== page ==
We asked Mark Williams what had been his most memorable discovery in his career as a forager.
MW: I had a very memorable moment when I was up north, working with a chef in a beautiful coastal glen by the sea. We were on this bit of salt marsh, and I was trying to show him sea plantain Plantago maritima. This is a misidentification story too…
I picked what I thought was sea plantain and I was like, ‘Taste that, that’s great.’ And he was like, ‘Oh my God that’s amazing. It tastes of coriander!’ And I had to taste it myself because I never expected that.
Then we looked very closely and it was a slightly different type of grass. We had this really exciting half an hour where we learned to recognise the differences in the shapes of these two grasses that look almost identical, at a glance, or certainly when you’re starting out.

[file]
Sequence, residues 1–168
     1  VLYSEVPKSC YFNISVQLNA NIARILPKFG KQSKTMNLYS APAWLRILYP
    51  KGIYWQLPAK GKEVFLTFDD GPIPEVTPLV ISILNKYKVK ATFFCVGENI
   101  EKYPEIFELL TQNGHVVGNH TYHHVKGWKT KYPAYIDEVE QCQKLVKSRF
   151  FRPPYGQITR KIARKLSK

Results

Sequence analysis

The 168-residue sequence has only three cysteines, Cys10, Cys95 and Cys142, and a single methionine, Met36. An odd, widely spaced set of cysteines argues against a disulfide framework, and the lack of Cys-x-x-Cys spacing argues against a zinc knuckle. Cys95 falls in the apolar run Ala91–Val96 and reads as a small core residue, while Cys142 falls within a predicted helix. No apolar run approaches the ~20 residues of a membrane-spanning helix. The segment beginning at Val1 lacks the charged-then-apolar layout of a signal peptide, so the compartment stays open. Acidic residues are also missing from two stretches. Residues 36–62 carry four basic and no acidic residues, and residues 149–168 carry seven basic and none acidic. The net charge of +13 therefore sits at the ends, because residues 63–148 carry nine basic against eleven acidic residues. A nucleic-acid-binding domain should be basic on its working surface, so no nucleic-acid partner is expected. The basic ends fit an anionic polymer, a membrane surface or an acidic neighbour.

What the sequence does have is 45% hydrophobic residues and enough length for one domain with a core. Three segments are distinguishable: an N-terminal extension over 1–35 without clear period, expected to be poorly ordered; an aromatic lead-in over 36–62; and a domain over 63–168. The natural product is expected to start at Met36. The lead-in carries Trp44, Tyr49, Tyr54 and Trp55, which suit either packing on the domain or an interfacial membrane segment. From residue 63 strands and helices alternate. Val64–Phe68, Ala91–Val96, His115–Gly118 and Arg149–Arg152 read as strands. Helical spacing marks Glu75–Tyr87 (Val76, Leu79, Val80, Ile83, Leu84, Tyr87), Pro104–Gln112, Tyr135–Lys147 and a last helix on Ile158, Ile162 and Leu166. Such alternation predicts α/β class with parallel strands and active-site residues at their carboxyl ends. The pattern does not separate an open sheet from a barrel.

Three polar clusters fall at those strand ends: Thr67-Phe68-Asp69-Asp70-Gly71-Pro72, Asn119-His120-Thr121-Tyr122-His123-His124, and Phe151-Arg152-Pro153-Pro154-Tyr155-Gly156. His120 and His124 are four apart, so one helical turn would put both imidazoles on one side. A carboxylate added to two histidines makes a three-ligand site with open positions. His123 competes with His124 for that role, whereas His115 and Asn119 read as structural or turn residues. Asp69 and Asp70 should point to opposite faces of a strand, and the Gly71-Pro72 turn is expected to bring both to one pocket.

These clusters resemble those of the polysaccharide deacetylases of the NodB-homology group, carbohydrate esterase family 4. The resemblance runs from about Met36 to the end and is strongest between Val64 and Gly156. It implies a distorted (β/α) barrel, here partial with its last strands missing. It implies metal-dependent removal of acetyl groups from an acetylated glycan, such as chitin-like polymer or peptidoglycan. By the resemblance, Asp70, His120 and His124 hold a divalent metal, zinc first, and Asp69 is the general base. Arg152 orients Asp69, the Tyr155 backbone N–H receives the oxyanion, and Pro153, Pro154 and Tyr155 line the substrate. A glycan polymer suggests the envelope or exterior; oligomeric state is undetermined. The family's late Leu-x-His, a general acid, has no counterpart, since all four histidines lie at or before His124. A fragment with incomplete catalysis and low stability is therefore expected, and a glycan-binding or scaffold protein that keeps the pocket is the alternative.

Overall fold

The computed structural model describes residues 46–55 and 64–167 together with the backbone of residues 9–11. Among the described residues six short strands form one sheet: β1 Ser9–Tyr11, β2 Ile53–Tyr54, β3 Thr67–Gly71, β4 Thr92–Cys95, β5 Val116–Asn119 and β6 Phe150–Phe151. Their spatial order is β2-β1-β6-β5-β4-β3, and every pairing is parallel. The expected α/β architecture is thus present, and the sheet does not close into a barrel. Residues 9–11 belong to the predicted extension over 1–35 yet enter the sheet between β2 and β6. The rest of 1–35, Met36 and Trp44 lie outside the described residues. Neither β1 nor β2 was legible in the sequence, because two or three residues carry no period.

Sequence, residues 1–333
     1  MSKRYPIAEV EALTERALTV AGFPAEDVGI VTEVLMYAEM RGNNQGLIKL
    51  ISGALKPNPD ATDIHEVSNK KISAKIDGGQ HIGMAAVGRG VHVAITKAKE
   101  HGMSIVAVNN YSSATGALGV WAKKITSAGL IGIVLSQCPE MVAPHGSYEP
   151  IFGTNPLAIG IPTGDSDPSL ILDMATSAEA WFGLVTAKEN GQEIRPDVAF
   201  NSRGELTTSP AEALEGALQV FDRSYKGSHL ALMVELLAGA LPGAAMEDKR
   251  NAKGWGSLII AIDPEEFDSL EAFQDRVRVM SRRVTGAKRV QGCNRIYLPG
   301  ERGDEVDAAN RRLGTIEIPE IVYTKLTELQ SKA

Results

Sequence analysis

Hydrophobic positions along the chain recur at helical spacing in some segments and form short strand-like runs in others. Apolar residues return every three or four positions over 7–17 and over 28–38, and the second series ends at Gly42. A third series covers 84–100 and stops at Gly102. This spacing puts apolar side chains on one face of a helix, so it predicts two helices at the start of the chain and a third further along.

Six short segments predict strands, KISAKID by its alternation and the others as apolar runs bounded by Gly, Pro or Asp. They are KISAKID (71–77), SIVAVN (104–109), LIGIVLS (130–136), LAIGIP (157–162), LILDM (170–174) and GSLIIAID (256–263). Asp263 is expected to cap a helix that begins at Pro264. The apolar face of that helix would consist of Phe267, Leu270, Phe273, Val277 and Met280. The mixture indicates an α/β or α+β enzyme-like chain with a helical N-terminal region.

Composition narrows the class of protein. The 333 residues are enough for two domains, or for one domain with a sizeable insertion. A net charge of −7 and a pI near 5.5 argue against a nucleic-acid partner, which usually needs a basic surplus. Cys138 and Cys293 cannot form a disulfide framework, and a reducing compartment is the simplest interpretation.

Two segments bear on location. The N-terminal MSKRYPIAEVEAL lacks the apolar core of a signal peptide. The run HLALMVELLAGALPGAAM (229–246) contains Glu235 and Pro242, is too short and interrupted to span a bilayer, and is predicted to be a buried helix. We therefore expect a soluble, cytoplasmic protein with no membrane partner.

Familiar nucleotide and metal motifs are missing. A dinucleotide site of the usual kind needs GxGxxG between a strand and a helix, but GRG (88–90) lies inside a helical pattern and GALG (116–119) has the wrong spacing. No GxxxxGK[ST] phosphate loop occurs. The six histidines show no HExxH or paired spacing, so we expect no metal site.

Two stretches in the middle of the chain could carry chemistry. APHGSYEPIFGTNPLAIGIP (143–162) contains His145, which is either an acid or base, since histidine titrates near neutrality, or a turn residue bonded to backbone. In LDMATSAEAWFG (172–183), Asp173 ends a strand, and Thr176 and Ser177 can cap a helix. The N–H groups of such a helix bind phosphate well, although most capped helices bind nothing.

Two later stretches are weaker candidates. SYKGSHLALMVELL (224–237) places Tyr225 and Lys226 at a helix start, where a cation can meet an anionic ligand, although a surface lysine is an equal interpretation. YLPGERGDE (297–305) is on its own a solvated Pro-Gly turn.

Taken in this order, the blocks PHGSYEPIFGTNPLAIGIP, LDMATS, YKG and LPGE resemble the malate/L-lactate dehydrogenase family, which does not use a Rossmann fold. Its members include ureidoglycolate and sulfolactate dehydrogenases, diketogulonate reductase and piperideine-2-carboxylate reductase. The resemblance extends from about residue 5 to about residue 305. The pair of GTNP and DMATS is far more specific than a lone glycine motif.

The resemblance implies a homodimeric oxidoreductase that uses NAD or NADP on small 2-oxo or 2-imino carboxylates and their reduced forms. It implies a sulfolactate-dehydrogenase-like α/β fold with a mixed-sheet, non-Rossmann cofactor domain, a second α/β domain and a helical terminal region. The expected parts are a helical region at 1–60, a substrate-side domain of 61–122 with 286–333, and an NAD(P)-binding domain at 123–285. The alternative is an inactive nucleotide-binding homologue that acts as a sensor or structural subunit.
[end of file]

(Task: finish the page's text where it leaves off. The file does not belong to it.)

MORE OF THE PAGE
It turns out this was sea arrowgrass, Triglochin maritima, which is not in any of the foraging guidebooks. It’s not even considered to be edible in a wider sense, because if you eat too much of the green parts of leaves, it’s not particularly good for you. Like a lot of other things that we eat regularly. In small doses, which is all you need, it’s pretty good to eat.
It’s really surprising to have a grass that tastes really succulent of cucumber and coriander! We don’t get wild coriander up in Scotland so it’s a nice treat to have a coriander taste.
Watch a field recording of first timers and foragers finding and tasting sea arrowgrass on Islay >
Find it in estuaries and salt marshes. New shoots appear in April and we were still finding spires of seed heads on the shore near the distillery in October.